Prof Mark Wilson working on the polar bear project.

Spotlight on 'real world' research with podcast first

The University of Cumbria has joined the conversation with its first-ever series of podcasts highlighting ‘real-world’ research.

The ‘Innovation Conversation’ is the University of Cumbria’s first podcast series featuring conversations with some of the institution’s leading lights in research and innovation talking passionately about their expertise and motivations.

Despite its location in Northwest England, the research is addressing some of the world's most urgent global issues, including social welfare, climate change, sustainable development, and biodiversity loss.

Seven podcasts are available to stream initially via the University of Cumbria’s Spotify channel. Subjects range from the enormous impact insects have on the world to sustainable development lessons from Africa.

A taster of the series can be heard here:

Interim Head of Research, Jamie Hodge, said the premise of the new series is to showcase the high calibre of research taking place at the university. He said:

“Despite being a young institution, we are punching well above our weight in terms of the impact our research is having in the real world, which has resulted in our academics advising Government and even the United Nations. This series is our first foray into podcasting as it is an easy format to share knowledge. It may surprise some listeners to hear about some of the incredible work taking place here at the University of Cumbria.”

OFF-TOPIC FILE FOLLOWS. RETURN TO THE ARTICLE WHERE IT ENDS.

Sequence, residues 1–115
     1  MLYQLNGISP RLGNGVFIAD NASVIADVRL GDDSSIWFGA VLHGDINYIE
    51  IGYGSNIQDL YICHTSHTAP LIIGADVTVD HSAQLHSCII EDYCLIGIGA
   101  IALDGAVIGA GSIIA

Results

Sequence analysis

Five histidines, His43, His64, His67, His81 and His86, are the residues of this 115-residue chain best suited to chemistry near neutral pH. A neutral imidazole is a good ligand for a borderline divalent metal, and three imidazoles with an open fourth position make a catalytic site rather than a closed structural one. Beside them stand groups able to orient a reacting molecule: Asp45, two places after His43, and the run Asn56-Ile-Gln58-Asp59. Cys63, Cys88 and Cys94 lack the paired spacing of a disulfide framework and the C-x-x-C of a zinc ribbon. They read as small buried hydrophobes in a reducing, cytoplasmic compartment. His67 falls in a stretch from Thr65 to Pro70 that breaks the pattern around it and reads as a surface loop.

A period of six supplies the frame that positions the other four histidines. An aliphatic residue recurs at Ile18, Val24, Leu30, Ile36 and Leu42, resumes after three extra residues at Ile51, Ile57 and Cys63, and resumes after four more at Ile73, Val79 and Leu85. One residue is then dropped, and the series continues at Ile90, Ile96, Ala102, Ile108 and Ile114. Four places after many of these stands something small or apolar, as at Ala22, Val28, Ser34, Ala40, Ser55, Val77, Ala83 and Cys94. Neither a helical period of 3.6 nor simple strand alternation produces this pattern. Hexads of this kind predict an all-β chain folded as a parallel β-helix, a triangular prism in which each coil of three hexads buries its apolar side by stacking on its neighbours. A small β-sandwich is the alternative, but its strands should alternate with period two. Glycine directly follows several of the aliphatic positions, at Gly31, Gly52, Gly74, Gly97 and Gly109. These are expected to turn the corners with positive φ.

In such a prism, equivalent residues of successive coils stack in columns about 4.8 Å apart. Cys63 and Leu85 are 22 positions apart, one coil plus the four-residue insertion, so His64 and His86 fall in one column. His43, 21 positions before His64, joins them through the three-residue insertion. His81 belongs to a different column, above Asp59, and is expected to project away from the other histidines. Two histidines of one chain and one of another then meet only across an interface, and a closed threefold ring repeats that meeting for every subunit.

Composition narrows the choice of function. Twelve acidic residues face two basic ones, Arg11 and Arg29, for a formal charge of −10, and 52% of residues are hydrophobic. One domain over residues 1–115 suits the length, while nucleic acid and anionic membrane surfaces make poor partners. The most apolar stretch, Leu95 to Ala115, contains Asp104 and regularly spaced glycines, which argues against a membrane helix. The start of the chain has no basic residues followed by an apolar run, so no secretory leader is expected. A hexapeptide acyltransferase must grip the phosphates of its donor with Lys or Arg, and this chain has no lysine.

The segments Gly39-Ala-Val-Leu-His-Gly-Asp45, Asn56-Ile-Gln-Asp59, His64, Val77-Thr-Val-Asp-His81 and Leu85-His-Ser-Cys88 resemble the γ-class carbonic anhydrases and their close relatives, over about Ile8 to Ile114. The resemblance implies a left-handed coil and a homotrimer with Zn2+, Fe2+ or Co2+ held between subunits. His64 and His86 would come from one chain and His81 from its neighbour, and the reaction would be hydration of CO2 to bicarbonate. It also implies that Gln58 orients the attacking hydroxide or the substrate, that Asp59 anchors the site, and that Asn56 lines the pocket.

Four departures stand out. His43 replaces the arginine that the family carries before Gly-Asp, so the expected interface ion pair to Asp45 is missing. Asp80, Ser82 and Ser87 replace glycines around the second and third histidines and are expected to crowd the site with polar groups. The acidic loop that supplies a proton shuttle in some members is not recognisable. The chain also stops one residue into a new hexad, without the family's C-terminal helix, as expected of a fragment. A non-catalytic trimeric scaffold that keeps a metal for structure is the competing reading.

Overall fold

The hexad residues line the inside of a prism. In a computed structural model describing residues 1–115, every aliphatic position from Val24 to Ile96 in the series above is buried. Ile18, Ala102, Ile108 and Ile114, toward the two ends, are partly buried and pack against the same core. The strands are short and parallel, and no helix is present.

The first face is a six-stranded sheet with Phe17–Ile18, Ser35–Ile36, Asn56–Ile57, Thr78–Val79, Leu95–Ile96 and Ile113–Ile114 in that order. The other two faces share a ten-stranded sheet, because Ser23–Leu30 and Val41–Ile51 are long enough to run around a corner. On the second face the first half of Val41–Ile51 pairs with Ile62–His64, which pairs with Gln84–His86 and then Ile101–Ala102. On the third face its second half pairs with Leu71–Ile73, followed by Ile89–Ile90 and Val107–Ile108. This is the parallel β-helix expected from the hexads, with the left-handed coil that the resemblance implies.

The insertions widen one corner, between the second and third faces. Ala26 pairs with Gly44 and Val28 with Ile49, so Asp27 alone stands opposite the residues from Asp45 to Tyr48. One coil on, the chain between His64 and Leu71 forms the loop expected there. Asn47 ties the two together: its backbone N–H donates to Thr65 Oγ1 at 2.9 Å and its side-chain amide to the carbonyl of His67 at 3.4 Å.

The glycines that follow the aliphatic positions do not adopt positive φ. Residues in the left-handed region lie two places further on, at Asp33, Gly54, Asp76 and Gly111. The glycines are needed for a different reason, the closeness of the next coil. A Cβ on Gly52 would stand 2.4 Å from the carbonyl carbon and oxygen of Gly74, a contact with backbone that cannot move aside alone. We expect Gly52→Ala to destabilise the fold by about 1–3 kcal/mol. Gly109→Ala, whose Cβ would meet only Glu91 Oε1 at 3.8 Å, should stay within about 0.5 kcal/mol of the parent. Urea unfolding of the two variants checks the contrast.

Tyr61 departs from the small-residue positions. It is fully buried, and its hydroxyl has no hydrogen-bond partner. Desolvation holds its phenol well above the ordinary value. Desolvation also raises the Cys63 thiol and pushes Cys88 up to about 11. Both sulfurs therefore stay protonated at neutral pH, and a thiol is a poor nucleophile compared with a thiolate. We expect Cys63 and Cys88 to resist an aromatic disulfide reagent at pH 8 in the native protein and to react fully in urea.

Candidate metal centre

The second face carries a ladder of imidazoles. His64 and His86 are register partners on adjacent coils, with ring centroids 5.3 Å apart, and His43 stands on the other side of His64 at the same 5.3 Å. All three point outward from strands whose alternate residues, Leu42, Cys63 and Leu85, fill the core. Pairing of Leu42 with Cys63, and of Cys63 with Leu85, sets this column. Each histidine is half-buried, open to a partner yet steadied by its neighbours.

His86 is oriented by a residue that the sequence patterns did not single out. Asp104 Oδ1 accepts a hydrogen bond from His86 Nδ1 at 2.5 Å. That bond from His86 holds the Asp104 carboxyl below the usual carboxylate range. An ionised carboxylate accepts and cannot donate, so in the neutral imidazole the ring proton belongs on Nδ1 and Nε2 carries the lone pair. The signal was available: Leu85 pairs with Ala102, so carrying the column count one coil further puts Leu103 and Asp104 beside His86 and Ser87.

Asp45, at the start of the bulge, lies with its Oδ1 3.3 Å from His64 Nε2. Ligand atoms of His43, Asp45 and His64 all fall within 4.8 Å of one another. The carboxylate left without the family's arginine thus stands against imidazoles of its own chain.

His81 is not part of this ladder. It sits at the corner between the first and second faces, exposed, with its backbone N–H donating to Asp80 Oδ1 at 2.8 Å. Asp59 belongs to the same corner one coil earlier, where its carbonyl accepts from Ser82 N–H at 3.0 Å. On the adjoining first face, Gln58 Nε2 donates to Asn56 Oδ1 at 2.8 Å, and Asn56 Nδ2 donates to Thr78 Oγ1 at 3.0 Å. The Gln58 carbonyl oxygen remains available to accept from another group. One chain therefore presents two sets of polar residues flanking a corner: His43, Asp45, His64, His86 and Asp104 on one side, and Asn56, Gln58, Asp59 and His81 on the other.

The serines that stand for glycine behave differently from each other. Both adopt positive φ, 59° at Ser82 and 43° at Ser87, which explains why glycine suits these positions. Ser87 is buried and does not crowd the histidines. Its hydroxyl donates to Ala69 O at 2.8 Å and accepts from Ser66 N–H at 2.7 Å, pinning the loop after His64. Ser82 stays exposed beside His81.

Pictured: Jamie Hodge, Interim Head of Research at the University of Cumbria.

Jamie Hodge

Since 2015, UK podcast listenership has increased year on year, with an estimated 21.2million people listening to podcasts in 2022 according to data insights company, Statistica.*

The ‘Innovation Conversation’ is tapping into this growing appetite for podcasts by sharing informal conversations with leading academics that give a flavour of the vast diversity of research underway at the institution.

In the episode ‘The artists documenting Iceland’s displaced polar bears’, artist, Professor Mark Wilson, details his 3-year collaborative research project, Visitations: Polar bears out of place (2019-2022), examining how humans and polar bears interact on the bears' periodic and unpredictable arrivals in Iceland, in the wider context of global warming. His acclaimed work previously went on show at two major solo Icelandic art exhibitions, one opened by Iceland’s first lady, the other a five-room epic funded by Icelandic Research Council, Rannis.

Mark is currently in Iceland ahead of a symposium hosted by Reykjavík Art Museum, which will act as the closing event for Mark and his research partner, Bryndís Snæbjörnsdóttir's**, award-winning project, Visitations: Polar Bears Out of Place (2019-22). He also has a related exhibition, Visitations: From Greenland to Iceland to Alaska in Borderless Arctic Seas, currently on display at the Anchorage Museum, Alaska for the next 12 months.

The podcast comes as the finale to David Attenborough's Frozen Planet II series aired at the weekend featuring the plight of polar bears and how dwindling sea ice is attracting them to human sources of food. 

Pictured: Professor Mark Wilson

Professor Mark Wilson







Dr Liz Bates

Pictured: Dr Liz Bates

Dr Liz Bates is the first UK academic to widely publicise the fact that men can be victims of domestic abuse too and has done much to sound the alarm in the media and with Government on this topic.  However, in her podcast ‘Dispelling myths surrounding male victim domestic abuse’, she maintains there is still much to be done to raise awareness of this often-neglected issue.